At the penultimate lock we met a confused volunteer lock keeper. A boat was coming down and the lock needed a little topping up, so he quite sensibly lifted a couple of top paddles. Then when I arrived he dropped them again. I asked why, and he said there was a boat coming up (us); I pointed out that the lock only needed a little bit of water to enable the downhill boat to use it first, at which point he shrugged and said he didn't know what to do it that situation. I opened the top paddles again and the boat went down. We did the whole flight in an hour and a half.

Blisworth Tunnel wasn't cold but it was wet, and I wished I'd put my coat on. We passed two boats. The railway bridge north of Blisworth has some lovely blue griders underneath. We've been under this bridge loads of times, but I only noticed them when I did a boat test up here a few weeks ago; actually I didn't even notice them then, it was when Andy's photos arrived. They may be making another appearance soon!

At some point after Gayton we passed Jaq moored up, and said a quick hello. We had lunch on the move, then stopped for diesel at Rugby Boats, where we met the new owner, James. Chance was moored in the little marina. At what used to be one of our favourite moorings, before Dodford Bridge, the works for the new road and bridge are in full swing. Tonnes of hardcore are being delivered and compressed

As the M1 came into view, we noticed that the traffic was down to a crawl. We were moving faster than they were. We were making good time, so decided to press on up Buckby Locks. A boat was just coming down the first lock so that was in our favour, but then we were following a rather slow pair of boats, one a single hander, and the other a couple in which the Chinese lady didn't really seem to have fully mastered steering.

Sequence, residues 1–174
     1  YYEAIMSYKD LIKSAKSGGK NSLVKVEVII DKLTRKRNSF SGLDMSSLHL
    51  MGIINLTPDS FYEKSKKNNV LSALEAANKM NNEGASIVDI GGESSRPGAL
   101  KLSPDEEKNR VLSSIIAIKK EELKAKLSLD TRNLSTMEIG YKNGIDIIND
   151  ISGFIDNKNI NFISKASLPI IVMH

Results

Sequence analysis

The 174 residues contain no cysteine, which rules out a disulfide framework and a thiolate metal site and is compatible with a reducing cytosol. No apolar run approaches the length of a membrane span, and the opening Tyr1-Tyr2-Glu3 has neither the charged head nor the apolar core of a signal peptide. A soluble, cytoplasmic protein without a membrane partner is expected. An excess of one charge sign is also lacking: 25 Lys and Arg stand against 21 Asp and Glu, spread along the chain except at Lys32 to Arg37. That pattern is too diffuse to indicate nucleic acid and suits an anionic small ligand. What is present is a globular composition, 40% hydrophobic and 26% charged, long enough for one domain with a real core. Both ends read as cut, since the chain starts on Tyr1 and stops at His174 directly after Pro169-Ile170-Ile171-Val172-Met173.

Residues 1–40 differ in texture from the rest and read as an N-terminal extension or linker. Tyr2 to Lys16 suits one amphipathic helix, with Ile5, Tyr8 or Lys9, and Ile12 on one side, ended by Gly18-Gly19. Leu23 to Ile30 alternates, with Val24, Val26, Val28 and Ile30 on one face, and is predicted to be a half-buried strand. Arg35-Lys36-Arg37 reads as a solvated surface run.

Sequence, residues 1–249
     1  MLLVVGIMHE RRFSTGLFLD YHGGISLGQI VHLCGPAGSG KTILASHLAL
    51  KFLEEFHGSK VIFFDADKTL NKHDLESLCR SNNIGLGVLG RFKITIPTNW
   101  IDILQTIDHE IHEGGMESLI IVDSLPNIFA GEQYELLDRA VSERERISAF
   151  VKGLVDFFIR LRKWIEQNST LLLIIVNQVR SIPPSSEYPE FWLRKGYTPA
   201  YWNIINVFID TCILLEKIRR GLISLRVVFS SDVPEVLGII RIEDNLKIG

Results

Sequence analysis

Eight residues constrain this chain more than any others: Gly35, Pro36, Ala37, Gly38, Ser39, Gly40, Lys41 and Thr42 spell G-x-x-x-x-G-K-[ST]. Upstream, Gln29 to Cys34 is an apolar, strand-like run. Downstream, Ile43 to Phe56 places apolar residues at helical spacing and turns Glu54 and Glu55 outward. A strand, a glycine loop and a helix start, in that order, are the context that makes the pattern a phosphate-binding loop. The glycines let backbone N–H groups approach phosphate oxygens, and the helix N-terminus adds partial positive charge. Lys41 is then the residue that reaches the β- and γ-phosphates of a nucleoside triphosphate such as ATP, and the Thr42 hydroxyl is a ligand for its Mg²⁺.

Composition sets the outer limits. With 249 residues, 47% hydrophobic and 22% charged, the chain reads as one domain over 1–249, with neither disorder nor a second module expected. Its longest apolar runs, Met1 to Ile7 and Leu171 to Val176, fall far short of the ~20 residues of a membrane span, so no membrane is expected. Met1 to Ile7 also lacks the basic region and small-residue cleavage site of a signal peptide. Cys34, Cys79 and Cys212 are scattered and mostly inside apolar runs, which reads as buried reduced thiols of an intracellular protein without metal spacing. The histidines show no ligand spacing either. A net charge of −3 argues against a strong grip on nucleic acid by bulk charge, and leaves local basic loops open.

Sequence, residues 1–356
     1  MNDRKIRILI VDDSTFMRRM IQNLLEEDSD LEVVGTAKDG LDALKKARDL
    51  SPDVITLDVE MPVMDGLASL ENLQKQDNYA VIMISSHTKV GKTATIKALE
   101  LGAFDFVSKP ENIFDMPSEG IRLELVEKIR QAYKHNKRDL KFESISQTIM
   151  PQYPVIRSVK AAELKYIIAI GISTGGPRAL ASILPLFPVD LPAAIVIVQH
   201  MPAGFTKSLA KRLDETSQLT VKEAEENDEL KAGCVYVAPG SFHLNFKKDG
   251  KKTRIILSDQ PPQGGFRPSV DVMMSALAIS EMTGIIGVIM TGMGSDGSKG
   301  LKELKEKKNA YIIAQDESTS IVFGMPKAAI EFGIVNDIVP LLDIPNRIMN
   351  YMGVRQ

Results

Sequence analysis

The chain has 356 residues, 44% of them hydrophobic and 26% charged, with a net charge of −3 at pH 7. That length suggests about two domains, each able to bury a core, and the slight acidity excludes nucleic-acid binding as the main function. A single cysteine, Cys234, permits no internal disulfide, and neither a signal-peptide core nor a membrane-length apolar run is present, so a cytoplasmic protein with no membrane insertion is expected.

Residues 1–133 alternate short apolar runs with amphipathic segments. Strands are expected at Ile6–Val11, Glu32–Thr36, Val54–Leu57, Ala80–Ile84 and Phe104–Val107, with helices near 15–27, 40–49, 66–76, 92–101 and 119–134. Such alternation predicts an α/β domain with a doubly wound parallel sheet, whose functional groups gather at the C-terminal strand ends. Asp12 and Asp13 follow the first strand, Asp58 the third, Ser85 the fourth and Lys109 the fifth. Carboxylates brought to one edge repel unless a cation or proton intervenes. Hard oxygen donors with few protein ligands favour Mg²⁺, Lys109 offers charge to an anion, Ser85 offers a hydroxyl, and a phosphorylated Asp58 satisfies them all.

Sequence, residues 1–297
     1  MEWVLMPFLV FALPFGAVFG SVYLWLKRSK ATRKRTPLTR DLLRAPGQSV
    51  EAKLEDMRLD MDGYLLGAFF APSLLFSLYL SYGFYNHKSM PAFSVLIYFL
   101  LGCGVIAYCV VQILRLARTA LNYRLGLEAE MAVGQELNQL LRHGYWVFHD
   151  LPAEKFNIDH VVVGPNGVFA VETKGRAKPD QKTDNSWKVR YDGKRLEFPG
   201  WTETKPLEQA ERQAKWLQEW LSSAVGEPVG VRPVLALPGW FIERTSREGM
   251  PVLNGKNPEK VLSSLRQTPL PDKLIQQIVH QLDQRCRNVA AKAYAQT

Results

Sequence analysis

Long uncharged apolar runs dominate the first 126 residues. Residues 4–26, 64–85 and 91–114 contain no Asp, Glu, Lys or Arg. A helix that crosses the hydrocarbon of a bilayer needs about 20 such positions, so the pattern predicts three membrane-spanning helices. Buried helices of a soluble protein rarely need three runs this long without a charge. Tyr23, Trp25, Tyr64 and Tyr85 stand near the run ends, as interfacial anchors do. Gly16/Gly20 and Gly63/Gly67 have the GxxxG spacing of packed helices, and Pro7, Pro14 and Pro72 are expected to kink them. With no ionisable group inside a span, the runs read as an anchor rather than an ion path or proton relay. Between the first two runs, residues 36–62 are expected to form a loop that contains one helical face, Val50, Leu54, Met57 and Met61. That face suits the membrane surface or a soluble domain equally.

We decided to stop in the long pound. We haven't stayed here for a while because the level used to drop alarmingly over night. But work has been done on the lock, and the bottom gates now look pretty water tight. The M1 is still audible, but not as bad as at the bottom. Tomorrow, assuming we don't have a huge delay at Watford, we'll overshoot Crick and spent the night somewhere out alomg the summit pound.

21 miles, 13 locks.

Tuesday, 23 May 2017

Pre-Crick: messy jobs

Because of work, Adrian can't come up to the boat until this evening, so I had a day of boat jobs to do. The one I really wanted to get done was to scrub the cratch cover, which was looking decidedly sorry for itself -- covered in bird droppings and turning green. I took it off, which is quite a job in itself; I'm sure I've said this before, but you only realise how big a cratch cover is when it's off the boat. I took it up to one of the picnic tables on the bank behind the boat, so I could lay it out and scrub it. What also needed removing were loads of spider nests, under the flap over the cratch board.